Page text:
How do I request approval of a synthetic medication?

To request approval of a synthetic medication, follow the steps for adding a material to your Organic System Plan.

For a synthetic medication, be sure to include a complete ingredient list — OTCO requires manufacturer-provided lists of active and inactive ingredients — with your submission.

What does a “medication is approved with restrictions” mean?

Be mindful of and track any usage restrictions associated with approved medications. Several materials, despite approval for use, will include restrictions for how they can be used. Any other use is prohibited. You can view restrictions on your approved inputs list in MyOTCO.

As an example, glycerin is only allowed when used as the active ingredient in a livestock teat dip. Additionally, it must be produced through the hydrolysis of fats or oils. It is not allowed as an active ingredient in any other medication, or if produced by other unapproved methods.

#Teat dips

Teat dips are classified by the Food and Drug Administration as health care products used to prevent mastitis and other prevalent diseases in milking livestock.

How do I request approval for a teat dip?

Follow the steps for adding a material to your Organic System Plan. OTCO will need time to review and approve your teat dip — or equivalent material — prior to use.

Which teat dips are eligible for use with my livestock?

Chlorhexidine
Chlorhexidine is only allowed as a teat dip when alternative germicidal agents and/or physical barriers have lost their effectiveness. If you are requesting the use of a chlorhexidine-based teat dip, first you must provide clear justification for its use per the restriction.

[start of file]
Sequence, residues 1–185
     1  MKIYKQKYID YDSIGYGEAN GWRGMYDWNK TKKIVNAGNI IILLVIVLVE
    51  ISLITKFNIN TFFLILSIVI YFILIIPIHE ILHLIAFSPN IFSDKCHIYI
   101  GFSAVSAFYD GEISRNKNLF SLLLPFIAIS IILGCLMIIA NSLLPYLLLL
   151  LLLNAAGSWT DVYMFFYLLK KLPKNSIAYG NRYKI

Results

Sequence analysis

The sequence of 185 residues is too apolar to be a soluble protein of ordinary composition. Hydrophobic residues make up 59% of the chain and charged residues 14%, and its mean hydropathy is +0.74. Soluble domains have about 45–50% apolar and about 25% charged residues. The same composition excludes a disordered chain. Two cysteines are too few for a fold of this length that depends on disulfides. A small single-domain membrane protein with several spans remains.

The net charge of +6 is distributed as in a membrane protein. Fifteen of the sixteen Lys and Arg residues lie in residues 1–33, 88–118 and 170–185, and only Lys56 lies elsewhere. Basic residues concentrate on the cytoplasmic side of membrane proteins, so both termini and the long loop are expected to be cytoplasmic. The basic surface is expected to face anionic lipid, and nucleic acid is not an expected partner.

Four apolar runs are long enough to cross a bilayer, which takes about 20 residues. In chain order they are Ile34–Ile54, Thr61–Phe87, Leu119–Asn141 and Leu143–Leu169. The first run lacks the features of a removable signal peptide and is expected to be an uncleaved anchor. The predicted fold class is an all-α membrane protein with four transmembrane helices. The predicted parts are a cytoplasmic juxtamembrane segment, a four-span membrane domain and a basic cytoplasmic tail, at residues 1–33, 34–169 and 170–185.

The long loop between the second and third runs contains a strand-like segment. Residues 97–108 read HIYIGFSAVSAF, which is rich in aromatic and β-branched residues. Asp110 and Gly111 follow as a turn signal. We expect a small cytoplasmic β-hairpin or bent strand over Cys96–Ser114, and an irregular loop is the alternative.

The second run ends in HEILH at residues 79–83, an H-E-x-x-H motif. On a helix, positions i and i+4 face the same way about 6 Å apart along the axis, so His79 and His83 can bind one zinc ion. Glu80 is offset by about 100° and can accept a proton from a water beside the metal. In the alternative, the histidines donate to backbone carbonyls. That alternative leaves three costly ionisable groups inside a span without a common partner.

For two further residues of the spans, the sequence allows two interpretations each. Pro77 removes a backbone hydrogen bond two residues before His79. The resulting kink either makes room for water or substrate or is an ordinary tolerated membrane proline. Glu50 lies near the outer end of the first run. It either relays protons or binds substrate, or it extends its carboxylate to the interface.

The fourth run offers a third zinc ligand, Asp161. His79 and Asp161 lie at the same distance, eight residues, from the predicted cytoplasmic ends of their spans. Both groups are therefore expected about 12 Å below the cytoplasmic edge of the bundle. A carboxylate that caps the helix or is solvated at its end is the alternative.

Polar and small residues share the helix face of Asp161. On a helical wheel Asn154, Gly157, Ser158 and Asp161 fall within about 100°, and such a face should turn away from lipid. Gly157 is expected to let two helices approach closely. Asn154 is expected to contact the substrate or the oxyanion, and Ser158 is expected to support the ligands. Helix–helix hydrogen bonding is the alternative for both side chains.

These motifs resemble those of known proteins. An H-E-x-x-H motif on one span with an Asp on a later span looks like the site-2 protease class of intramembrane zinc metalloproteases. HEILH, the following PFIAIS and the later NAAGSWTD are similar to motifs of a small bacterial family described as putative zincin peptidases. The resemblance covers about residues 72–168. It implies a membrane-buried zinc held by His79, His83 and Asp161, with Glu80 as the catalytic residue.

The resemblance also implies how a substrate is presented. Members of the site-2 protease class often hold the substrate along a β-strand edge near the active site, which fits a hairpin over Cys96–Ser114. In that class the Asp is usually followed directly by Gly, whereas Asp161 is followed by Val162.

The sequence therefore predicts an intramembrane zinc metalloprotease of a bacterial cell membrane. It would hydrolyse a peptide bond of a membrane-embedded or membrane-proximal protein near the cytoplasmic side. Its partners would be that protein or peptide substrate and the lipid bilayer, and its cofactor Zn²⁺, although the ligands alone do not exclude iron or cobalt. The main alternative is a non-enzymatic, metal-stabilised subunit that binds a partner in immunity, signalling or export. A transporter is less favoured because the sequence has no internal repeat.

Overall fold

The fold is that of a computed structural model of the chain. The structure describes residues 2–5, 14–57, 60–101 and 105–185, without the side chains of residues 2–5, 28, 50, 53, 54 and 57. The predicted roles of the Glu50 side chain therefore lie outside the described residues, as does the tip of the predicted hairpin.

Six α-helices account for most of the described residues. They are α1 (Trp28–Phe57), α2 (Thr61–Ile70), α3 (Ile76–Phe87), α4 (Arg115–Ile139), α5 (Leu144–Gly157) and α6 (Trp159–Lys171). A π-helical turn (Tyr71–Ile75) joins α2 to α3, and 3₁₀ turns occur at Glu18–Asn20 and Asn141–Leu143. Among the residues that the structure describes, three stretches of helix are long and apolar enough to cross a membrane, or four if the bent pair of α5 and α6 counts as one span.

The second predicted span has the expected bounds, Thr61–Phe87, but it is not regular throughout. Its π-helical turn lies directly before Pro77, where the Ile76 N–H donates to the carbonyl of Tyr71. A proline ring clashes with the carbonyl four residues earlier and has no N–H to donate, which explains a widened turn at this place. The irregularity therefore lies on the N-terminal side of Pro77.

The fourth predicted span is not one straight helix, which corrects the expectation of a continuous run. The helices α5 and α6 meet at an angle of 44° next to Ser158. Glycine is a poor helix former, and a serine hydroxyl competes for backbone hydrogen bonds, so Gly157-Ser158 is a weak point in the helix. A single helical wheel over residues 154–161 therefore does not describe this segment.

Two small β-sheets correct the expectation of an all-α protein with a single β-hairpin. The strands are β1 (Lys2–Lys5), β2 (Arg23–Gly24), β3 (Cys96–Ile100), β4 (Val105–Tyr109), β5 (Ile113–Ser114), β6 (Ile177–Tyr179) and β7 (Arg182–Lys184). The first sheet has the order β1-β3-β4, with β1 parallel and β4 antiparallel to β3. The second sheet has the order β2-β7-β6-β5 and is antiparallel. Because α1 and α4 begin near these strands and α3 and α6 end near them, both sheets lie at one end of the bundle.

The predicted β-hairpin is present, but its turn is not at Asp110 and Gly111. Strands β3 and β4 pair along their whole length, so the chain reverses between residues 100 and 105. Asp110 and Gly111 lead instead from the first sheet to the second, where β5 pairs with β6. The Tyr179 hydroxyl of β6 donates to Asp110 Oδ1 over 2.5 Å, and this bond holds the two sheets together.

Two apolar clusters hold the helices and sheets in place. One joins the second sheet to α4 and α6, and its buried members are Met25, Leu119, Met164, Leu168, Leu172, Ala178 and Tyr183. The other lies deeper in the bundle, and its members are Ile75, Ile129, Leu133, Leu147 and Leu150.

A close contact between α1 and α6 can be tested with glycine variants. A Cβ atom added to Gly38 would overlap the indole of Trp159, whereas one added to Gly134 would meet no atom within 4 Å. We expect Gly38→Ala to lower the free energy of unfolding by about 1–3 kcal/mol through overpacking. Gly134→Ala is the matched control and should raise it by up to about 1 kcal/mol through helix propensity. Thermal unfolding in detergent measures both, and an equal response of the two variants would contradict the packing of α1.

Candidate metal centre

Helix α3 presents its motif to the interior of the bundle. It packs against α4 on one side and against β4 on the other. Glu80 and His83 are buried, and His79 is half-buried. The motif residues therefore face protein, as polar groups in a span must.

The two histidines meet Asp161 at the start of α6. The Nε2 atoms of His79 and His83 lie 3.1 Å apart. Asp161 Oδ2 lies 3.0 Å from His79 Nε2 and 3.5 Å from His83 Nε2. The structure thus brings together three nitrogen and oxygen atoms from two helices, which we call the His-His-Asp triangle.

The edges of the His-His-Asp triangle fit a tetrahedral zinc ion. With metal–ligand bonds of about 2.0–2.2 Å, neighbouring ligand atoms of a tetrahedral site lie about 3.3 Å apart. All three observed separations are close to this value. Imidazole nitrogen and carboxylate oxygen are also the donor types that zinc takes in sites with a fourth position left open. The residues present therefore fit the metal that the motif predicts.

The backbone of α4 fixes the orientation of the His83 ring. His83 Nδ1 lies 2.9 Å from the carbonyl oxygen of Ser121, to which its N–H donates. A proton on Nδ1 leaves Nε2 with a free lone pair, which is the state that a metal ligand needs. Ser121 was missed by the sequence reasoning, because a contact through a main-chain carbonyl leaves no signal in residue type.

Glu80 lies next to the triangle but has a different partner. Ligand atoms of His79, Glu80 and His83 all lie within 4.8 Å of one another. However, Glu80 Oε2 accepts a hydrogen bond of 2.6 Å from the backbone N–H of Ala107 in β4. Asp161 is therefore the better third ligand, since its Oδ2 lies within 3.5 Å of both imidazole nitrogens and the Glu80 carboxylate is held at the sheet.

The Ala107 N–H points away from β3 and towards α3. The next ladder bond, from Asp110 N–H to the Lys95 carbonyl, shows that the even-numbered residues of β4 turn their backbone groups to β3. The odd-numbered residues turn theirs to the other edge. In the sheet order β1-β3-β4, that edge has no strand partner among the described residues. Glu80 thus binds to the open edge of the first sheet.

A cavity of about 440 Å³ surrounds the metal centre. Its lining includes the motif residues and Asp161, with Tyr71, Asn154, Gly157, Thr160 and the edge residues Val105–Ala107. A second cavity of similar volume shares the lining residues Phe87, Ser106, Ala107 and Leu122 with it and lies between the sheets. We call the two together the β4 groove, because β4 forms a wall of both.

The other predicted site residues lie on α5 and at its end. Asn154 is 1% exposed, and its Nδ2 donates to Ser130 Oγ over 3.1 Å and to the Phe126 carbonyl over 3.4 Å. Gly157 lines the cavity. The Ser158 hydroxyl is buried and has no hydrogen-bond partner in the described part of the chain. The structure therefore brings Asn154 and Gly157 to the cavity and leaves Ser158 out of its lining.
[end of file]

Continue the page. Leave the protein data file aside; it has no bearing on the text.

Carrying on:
Give a detailed explanation of issues with alternative teat dips, including how you’ve addressed aftercare such as clean bedding or cows remain in standing position following milking. Only after acceptable justification will OTCO review the proposed chlorhexidine-based teat dip.

Glycerin
Glycerin is allowed as a teat dip as long as it is produced through the hydrolysis of fats and oils. You will need to provide manufacturer confirmation in accordance with the process-based manufacturing restriction. Glycerin is prohibited for use as an active ingredient in all other organic livestock animal products or applications.

Iodine
Iodine-based teat dips are allowed as long as all ingredients used to keep the iodine in liquid form are compliant with organic standards. All excipients are also subject to review. To establish compliance, we will require detailed information from the iodine manufacturer to determine the specific purpose of each ingredient in the product.

#Emergency treatments for livestock

On rare occasions, federal or state authorities put into effect emergency pest or disease treatment programs that mandate the use of materials that are prohibited for use in organic production.

What happens to my certification if I’m required to use a prohibited material?

Livestock treated with a prohibited substance due to a federal or state emergency pest or disease treatment program, or any product derived from treated livestock, may not be sold, labeled, or represented as organic.

When can I sell milk or milk-based products as organic if dairy livestock were treated due to an emergency mandate?

Beginning 12 months after the last date that the dairy animal was treated with the prohibited substance, milk or milk products may be sold, labeled, or represented as organic.

Is offspring of mammalian livestock considered organic if treated due to an emergency mandate?

Provided the mammalian breeder stock was not in the last third of gestation when treated with the prohibited substance, offspring of may be considered organic.

What records are needed for a federal or state emergency treatment program?

We request as much information as possible prior to implementation of a federal or state emergency treatment program. Records may include:

  • Copy of the federal or state emergency program mandate
  • Info regarding the required material for application
  • Whether or not an alternative approved organic material or method is available
  • Explanation for why an alternative cannot be used
  • Locations and schedule for applications
  • Information such as animal life stage, etc.